Advanced Placement United States History content
In this special revised and updated feature for Black History Month, teachers, parents, and students will find a collection of NEH-supported websites and EDSITEment-developed lessons that tell the four-hundred-year old story of African Americans from slavery through freedom and citizenship to the presidency.
This site highlights recent research of scholars who have provided new insights about the cultures and histories of Indian peoples in the Midwest.
World History for Us All is a powerful, innovative model curriculum for teaching world history in middle and high schools.
Created October 19, 2011
Created October 17, 2011
This lesson will focus on the arguments either for or against the addition of a Bill of Rights between 1787 and 1789. By examining the views of prominent Americans in original documents, students will see that the issue at the heart of the debate was whether a Bill of Rights was necessary to secure and fulfill the objects of the American Revolution and the principles of the Declaration of Independence. Students will also gain an understanding of the origins of the Bill of Rights and how it came to be part of what Thomas Jefferson called "the American mind," as well as a greater awareness of the difficulties that proponents had to overcome in order to add the first ten Amendments to the Constitution.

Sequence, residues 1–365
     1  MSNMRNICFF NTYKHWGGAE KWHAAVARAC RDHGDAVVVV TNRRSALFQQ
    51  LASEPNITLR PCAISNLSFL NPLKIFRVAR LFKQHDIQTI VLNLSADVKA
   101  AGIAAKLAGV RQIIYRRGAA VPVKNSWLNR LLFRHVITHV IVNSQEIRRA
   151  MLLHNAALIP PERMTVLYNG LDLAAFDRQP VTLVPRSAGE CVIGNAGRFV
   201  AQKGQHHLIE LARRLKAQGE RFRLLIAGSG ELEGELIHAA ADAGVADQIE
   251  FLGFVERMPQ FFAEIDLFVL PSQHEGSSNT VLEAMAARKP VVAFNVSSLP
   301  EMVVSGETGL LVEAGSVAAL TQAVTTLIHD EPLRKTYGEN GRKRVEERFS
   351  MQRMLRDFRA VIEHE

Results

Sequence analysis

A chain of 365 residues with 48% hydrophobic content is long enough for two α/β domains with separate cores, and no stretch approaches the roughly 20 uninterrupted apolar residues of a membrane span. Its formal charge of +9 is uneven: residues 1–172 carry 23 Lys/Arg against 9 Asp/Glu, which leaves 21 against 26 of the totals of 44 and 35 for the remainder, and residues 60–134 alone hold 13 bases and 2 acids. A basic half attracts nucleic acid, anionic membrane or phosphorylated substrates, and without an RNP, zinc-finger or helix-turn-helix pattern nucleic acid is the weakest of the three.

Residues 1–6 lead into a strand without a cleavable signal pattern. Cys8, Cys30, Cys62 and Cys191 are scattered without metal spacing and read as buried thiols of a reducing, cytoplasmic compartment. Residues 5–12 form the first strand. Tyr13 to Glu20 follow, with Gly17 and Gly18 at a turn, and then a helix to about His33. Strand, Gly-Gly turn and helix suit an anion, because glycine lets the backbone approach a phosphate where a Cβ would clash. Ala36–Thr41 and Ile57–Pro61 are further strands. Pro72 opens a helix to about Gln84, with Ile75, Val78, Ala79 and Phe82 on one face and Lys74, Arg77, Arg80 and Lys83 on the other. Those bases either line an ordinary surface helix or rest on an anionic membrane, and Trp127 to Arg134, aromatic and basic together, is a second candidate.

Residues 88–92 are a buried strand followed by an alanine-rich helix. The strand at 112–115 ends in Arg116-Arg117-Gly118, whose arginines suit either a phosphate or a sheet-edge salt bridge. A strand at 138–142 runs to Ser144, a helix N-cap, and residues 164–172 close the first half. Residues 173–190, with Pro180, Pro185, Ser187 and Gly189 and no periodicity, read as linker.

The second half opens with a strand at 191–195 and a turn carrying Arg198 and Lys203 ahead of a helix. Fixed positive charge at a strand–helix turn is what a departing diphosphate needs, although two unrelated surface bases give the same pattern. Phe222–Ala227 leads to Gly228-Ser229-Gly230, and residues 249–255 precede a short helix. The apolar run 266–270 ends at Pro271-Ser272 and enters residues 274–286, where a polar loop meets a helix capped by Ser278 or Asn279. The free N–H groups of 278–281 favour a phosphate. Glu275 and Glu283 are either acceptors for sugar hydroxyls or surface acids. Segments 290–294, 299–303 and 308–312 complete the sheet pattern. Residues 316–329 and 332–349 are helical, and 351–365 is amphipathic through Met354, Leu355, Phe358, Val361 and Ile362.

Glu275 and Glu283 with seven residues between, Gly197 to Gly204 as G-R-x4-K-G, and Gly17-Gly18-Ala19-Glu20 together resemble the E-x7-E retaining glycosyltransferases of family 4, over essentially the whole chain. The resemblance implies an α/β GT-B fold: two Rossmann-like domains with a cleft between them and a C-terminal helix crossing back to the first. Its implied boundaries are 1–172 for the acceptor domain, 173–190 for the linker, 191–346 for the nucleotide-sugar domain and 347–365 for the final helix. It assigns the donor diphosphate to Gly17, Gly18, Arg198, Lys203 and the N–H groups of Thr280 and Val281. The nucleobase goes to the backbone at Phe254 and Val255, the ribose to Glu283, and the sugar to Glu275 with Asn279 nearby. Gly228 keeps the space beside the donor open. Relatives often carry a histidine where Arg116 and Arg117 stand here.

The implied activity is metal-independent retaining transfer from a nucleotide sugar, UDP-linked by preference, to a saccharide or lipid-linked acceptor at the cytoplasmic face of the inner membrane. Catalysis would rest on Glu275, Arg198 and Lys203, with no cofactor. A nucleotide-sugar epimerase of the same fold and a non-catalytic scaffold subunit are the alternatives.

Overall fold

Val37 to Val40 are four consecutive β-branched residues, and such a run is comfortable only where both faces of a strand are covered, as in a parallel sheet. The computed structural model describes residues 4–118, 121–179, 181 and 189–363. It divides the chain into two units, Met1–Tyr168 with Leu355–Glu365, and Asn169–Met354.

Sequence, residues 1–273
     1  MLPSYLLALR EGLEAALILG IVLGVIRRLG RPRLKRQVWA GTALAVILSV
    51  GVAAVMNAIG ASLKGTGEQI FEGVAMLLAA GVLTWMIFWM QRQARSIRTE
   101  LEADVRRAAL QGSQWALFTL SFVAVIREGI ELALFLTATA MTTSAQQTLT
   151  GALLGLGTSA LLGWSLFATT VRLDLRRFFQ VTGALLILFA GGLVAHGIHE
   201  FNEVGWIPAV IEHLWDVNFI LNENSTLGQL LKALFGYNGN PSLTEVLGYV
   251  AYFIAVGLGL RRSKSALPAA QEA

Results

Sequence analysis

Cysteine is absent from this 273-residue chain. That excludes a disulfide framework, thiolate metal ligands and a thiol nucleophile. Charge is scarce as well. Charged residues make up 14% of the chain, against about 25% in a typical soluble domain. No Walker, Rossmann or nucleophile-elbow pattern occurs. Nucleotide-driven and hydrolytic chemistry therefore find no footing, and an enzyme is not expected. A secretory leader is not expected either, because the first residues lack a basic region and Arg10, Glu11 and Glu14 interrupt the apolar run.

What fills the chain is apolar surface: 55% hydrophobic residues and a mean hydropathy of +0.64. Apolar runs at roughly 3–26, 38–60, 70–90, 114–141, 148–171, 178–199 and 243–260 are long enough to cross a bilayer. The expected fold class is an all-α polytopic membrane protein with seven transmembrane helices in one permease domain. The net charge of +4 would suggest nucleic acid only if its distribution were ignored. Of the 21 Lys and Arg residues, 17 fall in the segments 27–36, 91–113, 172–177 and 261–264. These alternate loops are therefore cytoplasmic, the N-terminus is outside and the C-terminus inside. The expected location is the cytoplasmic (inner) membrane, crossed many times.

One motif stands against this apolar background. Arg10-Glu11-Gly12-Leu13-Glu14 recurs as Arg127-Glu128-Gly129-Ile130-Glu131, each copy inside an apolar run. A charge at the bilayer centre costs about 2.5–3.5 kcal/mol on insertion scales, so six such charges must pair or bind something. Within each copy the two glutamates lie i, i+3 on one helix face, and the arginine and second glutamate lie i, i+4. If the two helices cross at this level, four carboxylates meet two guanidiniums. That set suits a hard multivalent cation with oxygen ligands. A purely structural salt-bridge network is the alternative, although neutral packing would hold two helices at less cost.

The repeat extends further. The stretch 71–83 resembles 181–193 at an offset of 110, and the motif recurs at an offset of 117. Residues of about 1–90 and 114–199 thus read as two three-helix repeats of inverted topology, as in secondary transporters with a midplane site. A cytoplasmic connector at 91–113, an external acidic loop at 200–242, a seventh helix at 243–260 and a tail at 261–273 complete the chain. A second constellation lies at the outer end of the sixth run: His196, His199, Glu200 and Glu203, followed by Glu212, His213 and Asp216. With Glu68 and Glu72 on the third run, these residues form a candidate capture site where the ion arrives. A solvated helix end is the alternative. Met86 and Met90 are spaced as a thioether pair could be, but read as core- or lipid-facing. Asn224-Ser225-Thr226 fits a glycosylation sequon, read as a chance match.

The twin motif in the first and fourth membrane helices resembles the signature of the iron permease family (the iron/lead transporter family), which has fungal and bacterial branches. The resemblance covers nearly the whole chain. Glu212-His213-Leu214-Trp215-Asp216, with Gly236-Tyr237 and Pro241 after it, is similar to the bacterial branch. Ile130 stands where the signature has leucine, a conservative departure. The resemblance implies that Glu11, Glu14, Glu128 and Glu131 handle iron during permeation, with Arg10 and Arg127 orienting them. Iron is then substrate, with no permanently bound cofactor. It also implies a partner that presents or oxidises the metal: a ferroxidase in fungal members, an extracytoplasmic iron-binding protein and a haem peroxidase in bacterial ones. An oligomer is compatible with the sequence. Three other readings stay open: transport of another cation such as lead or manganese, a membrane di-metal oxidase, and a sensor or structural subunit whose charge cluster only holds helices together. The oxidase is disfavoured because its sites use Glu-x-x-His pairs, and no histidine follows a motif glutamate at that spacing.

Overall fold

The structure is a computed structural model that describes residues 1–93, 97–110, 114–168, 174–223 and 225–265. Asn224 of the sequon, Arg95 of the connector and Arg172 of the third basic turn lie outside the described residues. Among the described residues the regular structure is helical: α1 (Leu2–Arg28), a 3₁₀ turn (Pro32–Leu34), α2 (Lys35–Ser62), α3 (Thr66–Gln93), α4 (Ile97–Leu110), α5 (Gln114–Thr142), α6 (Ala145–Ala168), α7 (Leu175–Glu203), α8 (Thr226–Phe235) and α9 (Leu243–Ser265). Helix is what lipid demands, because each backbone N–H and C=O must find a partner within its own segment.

Picturing America on Screen is an NEH-funded documentary film project produced by Channel 13, WNET, New York. A group of 25 films created by 9 talented directors presents a sampling of Picturing American art ranging from the mystery and beauty of Anasazi pottery to the sculptural poetry of contemporary artist Martin Puryear.
The U.S. History Resources assists students and teachers in high school U.S. history courses. For some, the understanding of the "big picture" gets lost in the sheer volume of facts, dates, people, and movements. When this happens, history can become more of a memorization exercise than a thoughtful analysis of how and why things occurred. This site attempts to simplify American history without making it simplistic.
The National September 11 Memorial is a tribute of remembrance and honor to the nearly 3,000 people killed in the terror attacks of September 11, 2001 at the World Trade Center site, near Shanksville, Pa., and at the Pentagon, as well as the six people killed in the World Trade Center bombing in February 1993.
The automobile’s impact on American life is everywhere. Each of the site’s five sections contains two essays, plus a select annotated bibliography or bibliographic essay to guide further reading.